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    Cool, Once I get something complete ill send it to you and you can hear it unmixed. I barely EQ or anything anymore. I spend a lot of time composing the track so the sounds fit together naturally. From there ill filter, EQ..etc, but I found that the less of that I do at the start, the better the track is balanced.
     
  23. NickC

    NickC Professional

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    Composition is something I'd like to really learn. I can make cool sequences and sounds, and loops are a piece of cake. But my songwriting and making sounds that truly "fit" together with little to no effects are awful. Did you ever have this problem? Do you have some kind of structure to your writing? Either way, would you mind giving me advice as to how to really find things that fit really well together? Do you use many effects?
     
  24. Bobby Jr

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    Fire me a PM. Would be cool to chat more.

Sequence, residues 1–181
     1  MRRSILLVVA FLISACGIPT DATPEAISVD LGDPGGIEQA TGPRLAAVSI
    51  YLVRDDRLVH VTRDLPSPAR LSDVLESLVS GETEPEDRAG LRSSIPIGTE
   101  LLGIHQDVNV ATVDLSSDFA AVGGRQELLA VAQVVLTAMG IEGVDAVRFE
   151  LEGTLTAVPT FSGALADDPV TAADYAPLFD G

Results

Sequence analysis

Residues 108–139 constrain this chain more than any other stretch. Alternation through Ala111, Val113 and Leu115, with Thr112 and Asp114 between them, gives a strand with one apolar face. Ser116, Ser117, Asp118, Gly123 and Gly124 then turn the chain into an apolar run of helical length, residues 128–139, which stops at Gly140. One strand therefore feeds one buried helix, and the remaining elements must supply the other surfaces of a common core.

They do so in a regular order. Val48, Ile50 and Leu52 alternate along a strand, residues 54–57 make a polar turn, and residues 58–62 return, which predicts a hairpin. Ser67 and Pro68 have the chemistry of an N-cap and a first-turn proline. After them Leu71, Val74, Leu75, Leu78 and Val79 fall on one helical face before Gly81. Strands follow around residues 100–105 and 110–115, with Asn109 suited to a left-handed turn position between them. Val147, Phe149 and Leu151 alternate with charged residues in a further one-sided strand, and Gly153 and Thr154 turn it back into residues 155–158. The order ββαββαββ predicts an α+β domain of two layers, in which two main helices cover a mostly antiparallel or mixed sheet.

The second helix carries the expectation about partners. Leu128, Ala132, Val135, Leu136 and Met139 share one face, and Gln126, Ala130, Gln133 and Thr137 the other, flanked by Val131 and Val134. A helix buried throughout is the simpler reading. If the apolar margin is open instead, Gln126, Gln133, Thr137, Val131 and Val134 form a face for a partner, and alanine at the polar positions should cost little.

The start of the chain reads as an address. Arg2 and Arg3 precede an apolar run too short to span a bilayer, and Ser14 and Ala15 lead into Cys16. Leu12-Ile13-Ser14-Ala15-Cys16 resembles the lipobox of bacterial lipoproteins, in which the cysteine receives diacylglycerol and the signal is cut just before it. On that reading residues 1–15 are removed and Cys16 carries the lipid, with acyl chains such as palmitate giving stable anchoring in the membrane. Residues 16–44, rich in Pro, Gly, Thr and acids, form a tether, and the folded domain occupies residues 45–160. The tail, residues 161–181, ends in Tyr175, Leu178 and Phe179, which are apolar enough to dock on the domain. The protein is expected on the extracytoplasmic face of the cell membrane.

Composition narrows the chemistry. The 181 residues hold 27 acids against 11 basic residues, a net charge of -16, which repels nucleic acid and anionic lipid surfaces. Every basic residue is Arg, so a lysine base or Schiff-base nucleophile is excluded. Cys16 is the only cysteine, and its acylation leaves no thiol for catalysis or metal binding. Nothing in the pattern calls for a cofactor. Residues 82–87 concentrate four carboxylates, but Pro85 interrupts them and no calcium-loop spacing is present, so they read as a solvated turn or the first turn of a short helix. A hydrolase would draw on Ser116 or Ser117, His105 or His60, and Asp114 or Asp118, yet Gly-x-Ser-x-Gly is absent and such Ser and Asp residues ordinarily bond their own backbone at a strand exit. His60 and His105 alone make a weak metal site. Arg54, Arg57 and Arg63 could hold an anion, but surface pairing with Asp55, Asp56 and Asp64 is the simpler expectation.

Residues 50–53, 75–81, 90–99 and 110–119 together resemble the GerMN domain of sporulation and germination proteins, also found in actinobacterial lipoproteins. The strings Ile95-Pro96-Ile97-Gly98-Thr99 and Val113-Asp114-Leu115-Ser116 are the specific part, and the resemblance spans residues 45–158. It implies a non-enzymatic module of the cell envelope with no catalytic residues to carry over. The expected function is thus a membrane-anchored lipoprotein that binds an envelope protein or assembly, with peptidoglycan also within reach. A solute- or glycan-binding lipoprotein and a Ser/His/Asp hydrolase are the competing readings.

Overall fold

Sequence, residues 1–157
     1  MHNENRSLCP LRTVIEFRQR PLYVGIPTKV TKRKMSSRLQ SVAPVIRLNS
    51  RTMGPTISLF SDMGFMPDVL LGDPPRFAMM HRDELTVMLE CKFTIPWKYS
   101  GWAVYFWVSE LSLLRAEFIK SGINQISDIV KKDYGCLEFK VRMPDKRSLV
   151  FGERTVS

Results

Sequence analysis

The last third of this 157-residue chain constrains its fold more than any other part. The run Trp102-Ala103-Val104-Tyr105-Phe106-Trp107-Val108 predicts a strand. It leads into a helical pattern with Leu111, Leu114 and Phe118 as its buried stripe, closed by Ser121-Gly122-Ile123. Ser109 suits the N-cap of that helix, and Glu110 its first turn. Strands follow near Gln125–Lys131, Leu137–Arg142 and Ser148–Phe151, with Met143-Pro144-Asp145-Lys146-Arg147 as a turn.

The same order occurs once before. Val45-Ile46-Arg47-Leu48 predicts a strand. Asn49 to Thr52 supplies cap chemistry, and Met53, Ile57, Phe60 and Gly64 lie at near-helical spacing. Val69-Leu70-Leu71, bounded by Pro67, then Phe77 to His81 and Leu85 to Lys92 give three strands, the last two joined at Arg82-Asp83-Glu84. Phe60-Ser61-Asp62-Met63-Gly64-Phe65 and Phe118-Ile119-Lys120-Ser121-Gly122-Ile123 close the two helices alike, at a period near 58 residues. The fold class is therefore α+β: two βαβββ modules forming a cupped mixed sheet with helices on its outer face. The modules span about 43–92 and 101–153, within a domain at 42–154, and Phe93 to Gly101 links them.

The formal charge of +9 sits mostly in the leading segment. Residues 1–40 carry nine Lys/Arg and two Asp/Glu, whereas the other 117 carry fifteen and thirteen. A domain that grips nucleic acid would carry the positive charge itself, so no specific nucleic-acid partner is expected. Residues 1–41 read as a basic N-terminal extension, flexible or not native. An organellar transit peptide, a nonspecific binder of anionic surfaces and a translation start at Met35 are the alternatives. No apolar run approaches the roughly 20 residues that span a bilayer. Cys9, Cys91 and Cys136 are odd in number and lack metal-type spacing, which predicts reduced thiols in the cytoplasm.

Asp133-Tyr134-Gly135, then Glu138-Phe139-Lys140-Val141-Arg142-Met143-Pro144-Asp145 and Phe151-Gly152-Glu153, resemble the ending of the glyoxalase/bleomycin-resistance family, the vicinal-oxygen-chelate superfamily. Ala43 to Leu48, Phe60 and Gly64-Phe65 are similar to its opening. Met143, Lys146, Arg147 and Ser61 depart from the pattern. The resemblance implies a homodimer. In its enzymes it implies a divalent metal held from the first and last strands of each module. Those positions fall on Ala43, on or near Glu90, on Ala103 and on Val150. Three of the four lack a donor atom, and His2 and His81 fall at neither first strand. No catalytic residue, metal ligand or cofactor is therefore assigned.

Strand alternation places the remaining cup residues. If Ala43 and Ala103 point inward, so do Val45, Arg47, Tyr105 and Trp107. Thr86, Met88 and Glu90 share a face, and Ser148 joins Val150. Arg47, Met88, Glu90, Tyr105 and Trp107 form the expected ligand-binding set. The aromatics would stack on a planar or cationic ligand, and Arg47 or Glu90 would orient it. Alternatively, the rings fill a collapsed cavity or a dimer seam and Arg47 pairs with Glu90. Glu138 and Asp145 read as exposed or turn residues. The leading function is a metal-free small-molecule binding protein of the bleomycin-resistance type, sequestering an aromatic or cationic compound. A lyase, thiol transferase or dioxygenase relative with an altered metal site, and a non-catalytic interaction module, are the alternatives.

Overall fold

25. Power Player

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    Well I have been playing music since I was young so songwriting is not as tough. It is still tough to write something great, but thats the challenge everyone faces.

    I tend to not worry about sound design that much when writing. It can suck me into a hole that distracts me from the song.

    Id recommend writing minimal stuff to start. As for structure, I like to program just a kick pattern so I have a feel, and then I spend my time on the synths and samples.

    I dont use a ton of effects, but it just matters the song. I may hook up a synth to a reverb and automate the wet/dry controller. Or do that with distortion or a filter or maybe all 3.

    If I write an arpeggio, instead of getting the notes right and stopping, I detail it more by automating slides or velocity or pitch. Just stuff that will keep it moving and interesting. There is a lot of repetition in dance, so you want to keep the sounds moving and evolving.